up the yin-yang

Laurence Horn laurence.horn at YALE.EDU
Wed Sep 28 20:29:30 UTC 2011

On Sep 26, 2011, at 4:27 AM, Benjamin Barrett wrote:

> On Sep 26, 2011, at 1:19 AM, Wilson Gray wrote:
>> On Mon, Sep 26, 2011 at 2:13 AM, Benjamin Barrett <gogaku at ix.netcom.com> wrote:
>>> 1976
>> And it was already in use sixteen years earlier, when I first heard
>> it. My impression is that I first heard it in 1960 not because it was
>> new, but because I hadn't had sufficient social interaction with
>> college-grade white guys before that year. I don't think that the
>> phrase ever gained any traction among blacks. But, of course,
>> Youneverknow.
>> I recall "up the ying-yang" as the catchphrase of a former
>> barracksmate who retired a few years ago from the U of Chi as Deputy
>> Dean of Students and Dean of Services.
>> That was Ed Turkington, all 6'8" of him, if there are any U of Chi
>> readers wondering who I mean.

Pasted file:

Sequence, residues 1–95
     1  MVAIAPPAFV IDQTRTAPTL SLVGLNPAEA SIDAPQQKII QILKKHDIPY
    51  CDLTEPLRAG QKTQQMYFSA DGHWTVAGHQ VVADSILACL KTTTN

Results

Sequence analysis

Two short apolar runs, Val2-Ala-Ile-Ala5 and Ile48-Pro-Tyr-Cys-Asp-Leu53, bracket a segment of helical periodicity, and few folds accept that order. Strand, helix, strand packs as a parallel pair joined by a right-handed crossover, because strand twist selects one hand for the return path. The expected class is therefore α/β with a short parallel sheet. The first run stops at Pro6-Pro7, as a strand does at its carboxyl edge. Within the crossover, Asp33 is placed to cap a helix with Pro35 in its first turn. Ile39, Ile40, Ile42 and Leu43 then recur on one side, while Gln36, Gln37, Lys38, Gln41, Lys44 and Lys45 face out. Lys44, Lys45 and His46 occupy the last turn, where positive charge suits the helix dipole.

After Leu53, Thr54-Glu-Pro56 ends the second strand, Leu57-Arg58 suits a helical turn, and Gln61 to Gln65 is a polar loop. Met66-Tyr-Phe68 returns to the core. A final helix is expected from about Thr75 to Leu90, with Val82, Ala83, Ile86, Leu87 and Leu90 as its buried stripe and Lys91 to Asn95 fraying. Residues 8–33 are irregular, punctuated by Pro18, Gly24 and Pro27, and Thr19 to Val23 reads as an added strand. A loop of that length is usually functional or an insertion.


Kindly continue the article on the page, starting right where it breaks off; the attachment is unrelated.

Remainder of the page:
> Thank you for this follow-up. Although both variants sound fine to me, "yin-yang" is, I think, the one I use and I didn't do a search for "up the ying-yang."

I definitely remember it as "up the ying-yang", as opposed to the actual dualistic terms in Taoist and Confucianist philosophy.  Early or mid-1960s sounds about right to me, but it could have been already lurking around elsewhere at the time.

> Google Books has 1968.
> "A sense of dark," by William Malliol, Atheneum, page 47, http://ow.ly/6ECoj
> -----
> Quillan said, "Boy, hava-yes-sheba-sheba last night up the ying-yang!"
> -----
> Benjamin Barrett
> Seattle, WA
> ------------------------------------------------------------
> The American Dialect Society - http://www.americandialect.org

The American Dialect Society - http://www.americandialect.org

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